Akechi Mitsuhide – The Chūbu Traitor Who Shaped Japan

ByBert Wishart
Apr 30, 2024

Akechi Mitsuhide – The Chūbu Traitor Who Shaped Japan

If you’ve been watching the epic Disney+ remake of Shōgun (and if you’ve not, you need to remedy that!) then you most likely have been impressed by the character Lady Mariko. A strong woman in a male-dominated world, she is by far the best (or at least well-rounded) character. Perhaps what makes her so intriguing is that much of her strength comes from her desire to atone for her father’s treachery. However, her character becomes even the more impressive when you realise that she is based on a real person – Hosokawa Gracia. Furthermore, not only was the treachery of her father just as real, monumentally shifting the passage of Japanese history, it has its origins right here in the Chūbu region.

Who was Akechi Mitsuhide?

The name Akechi Mitsuhide echos down the centuries for his betrayal of Japan’s first great unifier, Oda Nobunaga, an act that some consider the defining moment of the late Warring States era. However, that one ruthless incident should not entirely define him. Born around 1528 in Mino Province (modern day Kani in Gifu Prefecture),  he was destined for greatness from childhood, groomed in warfare by the ruthless warrior Saitō Dōsan, the “Viper of Mino”. Yet, after Dōsan’s son, Saitō Yoshitatsu, rose up and defeated his father in 1556, the victor punished Mitsuhide for siding with his father by destroying his ancestral home, Akechi Castle, with Mitsuhide (as some accounts have it) barely escaping with his life.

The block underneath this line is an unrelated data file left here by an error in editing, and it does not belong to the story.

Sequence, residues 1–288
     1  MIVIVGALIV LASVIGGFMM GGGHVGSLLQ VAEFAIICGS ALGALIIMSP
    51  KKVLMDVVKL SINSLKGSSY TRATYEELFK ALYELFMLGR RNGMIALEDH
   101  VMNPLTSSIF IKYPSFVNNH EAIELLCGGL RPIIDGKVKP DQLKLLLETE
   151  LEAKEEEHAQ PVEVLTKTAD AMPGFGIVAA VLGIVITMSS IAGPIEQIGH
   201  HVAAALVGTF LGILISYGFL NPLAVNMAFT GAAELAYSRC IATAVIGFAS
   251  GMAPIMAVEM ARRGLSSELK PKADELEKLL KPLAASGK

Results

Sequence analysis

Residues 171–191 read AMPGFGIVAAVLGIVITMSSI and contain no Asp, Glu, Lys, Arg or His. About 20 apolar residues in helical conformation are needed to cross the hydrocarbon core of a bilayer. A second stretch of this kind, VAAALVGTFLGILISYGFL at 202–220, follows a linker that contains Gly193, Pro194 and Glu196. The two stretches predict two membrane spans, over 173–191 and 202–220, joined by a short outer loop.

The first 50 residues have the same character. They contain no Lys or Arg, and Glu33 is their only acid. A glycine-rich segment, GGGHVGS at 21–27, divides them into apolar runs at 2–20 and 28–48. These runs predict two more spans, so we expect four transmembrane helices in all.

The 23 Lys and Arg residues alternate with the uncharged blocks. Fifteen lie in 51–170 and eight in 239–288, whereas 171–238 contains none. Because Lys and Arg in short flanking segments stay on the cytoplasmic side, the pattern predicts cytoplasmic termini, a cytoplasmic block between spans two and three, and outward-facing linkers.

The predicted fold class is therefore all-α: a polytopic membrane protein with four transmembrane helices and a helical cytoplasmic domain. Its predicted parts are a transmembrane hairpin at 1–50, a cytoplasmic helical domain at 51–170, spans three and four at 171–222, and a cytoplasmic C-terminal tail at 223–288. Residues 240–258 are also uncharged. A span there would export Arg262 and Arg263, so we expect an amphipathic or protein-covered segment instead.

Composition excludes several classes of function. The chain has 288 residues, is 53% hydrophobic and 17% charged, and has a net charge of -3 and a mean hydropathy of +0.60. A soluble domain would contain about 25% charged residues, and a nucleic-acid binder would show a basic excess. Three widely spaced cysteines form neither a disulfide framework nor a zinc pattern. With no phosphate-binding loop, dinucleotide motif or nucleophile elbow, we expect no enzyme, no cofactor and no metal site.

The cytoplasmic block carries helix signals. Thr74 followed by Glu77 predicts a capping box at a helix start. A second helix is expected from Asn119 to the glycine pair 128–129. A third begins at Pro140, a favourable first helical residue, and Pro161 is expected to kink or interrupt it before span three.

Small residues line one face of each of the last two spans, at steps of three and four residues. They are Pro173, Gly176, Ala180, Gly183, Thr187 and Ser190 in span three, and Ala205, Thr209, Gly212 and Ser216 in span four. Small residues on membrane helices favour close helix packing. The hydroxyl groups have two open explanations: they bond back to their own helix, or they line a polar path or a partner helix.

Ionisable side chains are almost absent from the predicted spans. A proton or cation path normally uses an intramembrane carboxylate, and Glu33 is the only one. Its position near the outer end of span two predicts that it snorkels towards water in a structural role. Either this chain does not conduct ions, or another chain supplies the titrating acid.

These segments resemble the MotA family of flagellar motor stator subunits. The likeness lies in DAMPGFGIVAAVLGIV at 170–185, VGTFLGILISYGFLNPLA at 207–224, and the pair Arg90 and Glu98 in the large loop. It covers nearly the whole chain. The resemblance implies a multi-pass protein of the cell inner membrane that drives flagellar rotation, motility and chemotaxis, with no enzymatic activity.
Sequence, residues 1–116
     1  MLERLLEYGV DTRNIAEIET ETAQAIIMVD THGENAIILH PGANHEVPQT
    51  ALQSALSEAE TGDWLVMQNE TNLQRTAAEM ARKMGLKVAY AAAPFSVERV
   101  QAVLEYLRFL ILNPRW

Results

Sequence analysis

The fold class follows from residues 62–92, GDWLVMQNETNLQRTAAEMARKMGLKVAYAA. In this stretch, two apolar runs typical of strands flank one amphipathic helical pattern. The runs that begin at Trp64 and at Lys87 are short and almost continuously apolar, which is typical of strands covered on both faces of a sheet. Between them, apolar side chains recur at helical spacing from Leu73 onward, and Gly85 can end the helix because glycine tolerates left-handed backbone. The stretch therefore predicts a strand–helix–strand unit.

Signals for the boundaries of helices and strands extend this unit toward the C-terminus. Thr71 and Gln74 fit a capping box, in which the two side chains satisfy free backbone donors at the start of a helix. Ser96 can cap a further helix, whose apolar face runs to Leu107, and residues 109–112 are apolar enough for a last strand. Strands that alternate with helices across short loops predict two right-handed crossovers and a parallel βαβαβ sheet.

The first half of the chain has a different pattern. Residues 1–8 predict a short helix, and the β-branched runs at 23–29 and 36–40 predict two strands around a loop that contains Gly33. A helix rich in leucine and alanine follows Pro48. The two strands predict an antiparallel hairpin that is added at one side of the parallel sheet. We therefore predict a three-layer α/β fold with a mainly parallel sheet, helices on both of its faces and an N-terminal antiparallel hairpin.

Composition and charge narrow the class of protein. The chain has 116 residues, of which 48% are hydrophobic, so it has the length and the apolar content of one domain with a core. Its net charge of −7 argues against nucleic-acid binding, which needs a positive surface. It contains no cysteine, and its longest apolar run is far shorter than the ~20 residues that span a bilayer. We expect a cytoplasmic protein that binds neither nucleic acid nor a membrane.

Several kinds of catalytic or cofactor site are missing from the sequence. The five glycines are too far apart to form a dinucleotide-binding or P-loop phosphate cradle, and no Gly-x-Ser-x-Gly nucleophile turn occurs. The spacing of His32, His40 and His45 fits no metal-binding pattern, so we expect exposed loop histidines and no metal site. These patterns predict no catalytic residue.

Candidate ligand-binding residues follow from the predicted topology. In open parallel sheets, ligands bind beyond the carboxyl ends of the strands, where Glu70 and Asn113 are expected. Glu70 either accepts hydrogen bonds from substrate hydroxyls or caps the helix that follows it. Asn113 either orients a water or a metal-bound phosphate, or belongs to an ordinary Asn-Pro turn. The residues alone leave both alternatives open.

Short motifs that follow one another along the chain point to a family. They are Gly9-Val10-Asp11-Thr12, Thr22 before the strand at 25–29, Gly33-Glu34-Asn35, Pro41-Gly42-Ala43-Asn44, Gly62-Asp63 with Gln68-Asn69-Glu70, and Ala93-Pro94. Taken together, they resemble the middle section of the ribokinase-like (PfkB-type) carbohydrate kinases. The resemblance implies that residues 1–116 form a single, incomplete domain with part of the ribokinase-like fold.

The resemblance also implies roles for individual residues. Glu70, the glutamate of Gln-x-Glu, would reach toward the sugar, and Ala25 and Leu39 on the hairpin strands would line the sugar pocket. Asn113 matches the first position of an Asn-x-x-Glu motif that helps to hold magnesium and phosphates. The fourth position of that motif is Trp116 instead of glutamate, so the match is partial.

Thus exiled from Mino, Akechi floated from clan to clan, before coming under the command of would-be-shōgun Ashikaga Yoshiki, himself banished from Kyoto. Seeking a powerful daimyō [warlord] to help him wrest control of Kyoto from his clansman Ashikaga Yoshihide, Yoshiki asked Mitsuhide who he would recommend as his ‘protector’ (i.e. puppet master). The obvious choice for Mitsuhide was Oda Nobunaga, the ruthless rampaging daimyō, and husband to his childhood friend and daughter of Saitō Dōsan. As a result, after marching on Kyoto, assisted by the sudden death of Yoshihide from contagious disease (things like that tended to happen to the opponents of Nobunaga), the Oda clan took command and installed Yoshiki as shōgun.

Cracks appear

However, the alliance between Yoshiki and Nobunaga was not a marriage of convenience destined for the ages, and Mitsuhide when push came to shove he turned his allegiance to the increasingly powerful Oda clan. Throughout the 1570s, as Nobunaga waged bloody war against his opposing samurai clans, as well as the brutal slaughter of the Ikko Ikki residing in the area of Mt. Hiei, it was Mitsuhide who was regularly at the forefront of every charge and defining battle. With each victory, he rose in Nobunaga’s estimation, who rewarded his loyal retainer with increasing power.

As tended to happen when Nobunaga was around, allegiances were tested and tempers frayed, however. There are stories that have Akechi rebuked by outbursts of Nobunaga’s temper, embarrassed by reprimands in front of others, and there is even an Edo-era print that depicts Nobunaga striking his loyal retainer in full view of other daimyō. Of course, these representations are non-contemporaneous, and must be taken with a healthy pinch of salt, however they are not without plausibility, as Nobunaga’s rage was as famed as his ruthlessness. It was this latter trait that perhaps pushed Mitsuhide over the edge.